Well, to sum up and much to my dismay where the subject of England is concerned, the reproductive activities of my mother’s three sisters flourished, gifting Betsy with a gaggle of grandchildren before my 12th birthday. However, I’m afraid her personal fortune didn’t multiply at the same pace. You can imagine what that did to my travel plans to the UK. I have always known I’d make it here when the time was right. The irony of it is the cousin I’m staying with is one whose very existence was part of my delay! (sorry Laura…!)

 

Journal from 11 November:  King’s Head Tavern - London

Laura and I went to a pub up the street from her apartment last night where we enjoyed at least one glass of wine too many. There have been very few times the two of us were able to talk at length about anything meaningful. In fact, I’m not sure we ever have. I enjoyed it. She’s adorable, smart, and funny. Not a bad combo. Must run in the family. (hehe) There was a table of locals nearby having an obvious good time. One bloke had a ukulele and started playing while the other chap sang (hey, I’m in London, by golly, I’ll have to carry on in my writing as though I am). The one singing trotted off to fetch his guitar, and when he returned we had a full on live acoustic concert at the next table. If Laura and I hadn’t been so concentrated on our conversations, I would have insisted we go over and join them. Our two groups closed down the bar. I haven’t been drinking much alcohol in the past 3 months or so, and those 3 generous glasses of wine had their way with me! Laura didn’t have class until noon today, so we slept until after 11am. Terrible! My first day in London, and I spent it sleeping, doing laundry, and updating my blog. Actually, it was quite necessary to do laundry. My clothes were beginning to come to life and transforming into traveling companions with their very own personalities. So, I’ve only walked around the Earls Court Road neighborhood exploring the streets, shops, cafes, quaint old row houses. I’m taken by the diversity of cuisines to be found in a single block…Indian, Thai, Mediterranean, Italian, Chinese, French, Vietnamese, Labanese…and by how many different languages to be heard spoken simultaneously within yards of each other. It’s like strolling the aisles of a shopping market of cultures.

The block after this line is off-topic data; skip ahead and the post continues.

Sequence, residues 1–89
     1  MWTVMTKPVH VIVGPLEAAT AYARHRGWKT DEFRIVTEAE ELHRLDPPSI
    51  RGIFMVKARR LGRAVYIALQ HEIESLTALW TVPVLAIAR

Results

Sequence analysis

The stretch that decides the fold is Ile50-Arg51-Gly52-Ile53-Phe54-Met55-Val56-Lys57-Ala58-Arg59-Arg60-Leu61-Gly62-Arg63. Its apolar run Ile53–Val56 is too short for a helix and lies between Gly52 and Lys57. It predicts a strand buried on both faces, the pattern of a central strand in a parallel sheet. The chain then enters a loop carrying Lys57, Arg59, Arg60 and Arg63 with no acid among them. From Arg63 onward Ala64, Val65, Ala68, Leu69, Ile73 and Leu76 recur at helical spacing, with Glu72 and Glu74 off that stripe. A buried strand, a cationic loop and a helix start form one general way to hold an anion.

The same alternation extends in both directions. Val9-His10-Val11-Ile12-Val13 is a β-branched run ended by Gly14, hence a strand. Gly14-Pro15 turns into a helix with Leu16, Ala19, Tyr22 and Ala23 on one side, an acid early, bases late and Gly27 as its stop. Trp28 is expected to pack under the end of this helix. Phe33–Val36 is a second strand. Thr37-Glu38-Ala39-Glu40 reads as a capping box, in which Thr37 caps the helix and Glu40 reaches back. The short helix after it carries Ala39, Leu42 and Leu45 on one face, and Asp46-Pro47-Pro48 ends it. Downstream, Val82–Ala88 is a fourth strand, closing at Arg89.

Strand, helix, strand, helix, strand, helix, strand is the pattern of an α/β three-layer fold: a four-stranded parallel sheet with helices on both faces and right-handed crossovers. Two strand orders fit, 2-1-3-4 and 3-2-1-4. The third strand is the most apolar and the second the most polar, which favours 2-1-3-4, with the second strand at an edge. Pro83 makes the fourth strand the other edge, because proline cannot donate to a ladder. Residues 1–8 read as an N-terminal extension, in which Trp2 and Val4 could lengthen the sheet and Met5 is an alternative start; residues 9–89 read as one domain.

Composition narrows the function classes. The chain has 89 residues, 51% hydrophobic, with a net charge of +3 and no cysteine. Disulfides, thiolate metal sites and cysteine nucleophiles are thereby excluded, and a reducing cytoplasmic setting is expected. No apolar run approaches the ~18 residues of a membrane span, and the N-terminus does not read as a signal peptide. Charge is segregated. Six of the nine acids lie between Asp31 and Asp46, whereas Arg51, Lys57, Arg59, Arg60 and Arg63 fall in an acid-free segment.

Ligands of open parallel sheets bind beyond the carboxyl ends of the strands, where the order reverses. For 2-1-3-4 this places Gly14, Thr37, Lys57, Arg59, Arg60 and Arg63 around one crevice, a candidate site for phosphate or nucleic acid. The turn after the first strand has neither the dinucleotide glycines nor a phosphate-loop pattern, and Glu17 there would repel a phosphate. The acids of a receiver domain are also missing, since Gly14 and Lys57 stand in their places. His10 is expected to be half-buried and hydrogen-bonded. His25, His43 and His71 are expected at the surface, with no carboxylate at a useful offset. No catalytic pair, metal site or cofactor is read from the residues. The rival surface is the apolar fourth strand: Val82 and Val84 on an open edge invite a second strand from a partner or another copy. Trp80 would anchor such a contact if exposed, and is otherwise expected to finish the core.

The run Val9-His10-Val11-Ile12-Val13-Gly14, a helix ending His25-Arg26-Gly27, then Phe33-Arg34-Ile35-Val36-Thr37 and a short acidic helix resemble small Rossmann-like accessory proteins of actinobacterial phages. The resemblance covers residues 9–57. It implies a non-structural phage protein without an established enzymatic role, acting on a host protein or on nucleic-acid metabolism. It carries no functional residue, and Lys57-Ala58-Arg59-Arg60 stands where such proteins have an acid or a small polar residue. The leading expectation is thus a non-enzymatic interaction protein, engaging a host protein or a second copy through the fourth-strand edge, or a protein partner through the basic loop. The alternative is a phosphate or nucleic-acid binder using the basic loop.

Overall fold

Journal from 12 November:  Café Le Monde - London     

I’m sitting in a small café near Laura’s apartment enjoying a coffee and croissant breakfast. This is my second full day in London, but it will be the first and only one I spend exploring the city beyond Earl’s Court Road. I’ll breeze through or past Kensington Gardens, Hyde Park, Harrod’s, Wellington Arch, Green Park and Palace Gardens, Buckingham Palace, St. James Park, and Westminster Abbey. I’ll walk along Victoria Embankment alongside River Thames and see the London Eye and House of Parliament. I’ll pass through Strand to meet Laura around 4pm at Covent Garden where they’re having a Holiday food market she wants to check out. Afterward, we might make our way to St. Paul’s Cathedral. It will be a whirlwind tour of a city so full of sites one could spend a lifetime exploring it.